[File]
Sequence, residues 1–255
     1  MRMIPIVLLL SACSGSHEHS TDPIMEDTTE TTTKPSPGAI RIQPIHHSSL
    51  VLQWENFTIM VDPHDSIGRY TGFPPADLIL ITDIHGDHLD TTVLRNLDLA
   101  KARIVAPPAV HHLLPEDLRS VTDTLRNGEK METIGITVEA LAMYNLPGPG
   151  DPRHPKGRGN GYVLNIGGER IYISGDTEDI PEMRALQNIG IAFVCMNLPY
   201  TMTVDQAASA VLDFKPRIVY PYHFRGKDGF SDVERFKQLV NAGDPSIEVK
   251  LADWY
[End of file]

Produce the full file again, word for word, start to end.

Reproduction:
Sequence, residues 1–255
     1  MRMIPIVLLL SACSGSHEHS TDPIMEDTTE TTTKPSPGAI RIQPIHHSSL
    51  VLQWENFTIM VDPHDSIGRY TGFPPADLIL ITDIHGDHLD TTVLRNLDLA
   101  KARIVAPPAV HHLLPEDLRS VTDTLRNGEK METIGITVEA LAMYNLPGPG
   151  DPRHPKGRGN GYVLNIGGER IYISGDTEDI PEMRALQNIG IAFVCMNLPY
   201  TMTVDQAASA VLDFKPRIVY PYHFRGKDGF SDVERFKQLV NAGDPSIEVK
   251  LADWY